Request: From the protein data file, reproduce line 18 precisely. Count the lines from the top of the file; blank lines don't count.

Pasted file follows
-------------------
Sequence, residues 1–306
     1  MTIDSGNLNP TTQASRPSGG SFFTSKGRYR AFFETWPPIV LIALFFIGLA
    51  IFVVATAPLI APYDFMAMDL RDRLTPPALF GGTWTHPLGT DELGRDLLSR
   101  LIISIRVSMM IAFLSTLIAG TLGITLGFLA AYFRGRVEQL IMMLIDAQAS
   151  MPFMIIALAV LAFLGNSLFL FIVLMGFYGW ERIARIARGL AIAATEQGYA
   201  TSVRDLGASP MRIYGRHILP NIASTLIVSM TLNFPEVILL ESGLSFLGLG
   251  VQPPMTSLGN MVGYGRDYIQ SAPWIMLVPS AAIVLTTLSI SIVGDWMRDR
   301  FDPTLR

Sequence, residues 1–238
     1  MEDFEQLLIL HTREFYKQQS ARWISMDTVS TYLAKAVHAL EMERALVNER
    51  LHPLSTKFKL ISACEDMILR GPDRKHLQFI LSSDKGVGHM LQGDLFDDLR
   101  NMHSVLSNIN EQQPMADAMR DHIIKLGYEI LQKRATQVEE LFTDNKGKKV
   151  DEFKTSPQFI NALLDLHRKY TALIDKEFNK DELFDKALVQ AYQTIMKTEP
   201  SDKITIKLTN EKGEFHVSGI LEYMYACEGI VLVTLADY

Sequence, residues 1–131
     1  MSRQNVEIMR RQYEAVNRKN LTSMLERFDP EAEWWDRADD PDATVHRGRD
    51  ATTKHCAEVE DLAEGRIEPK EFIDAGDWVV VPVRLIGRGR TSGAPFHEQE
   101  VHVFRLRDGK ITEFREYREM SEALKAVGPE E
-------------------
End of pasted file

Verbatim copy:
   101  VHVFRLRDGK ITEFREYREM SEALKAVGPE E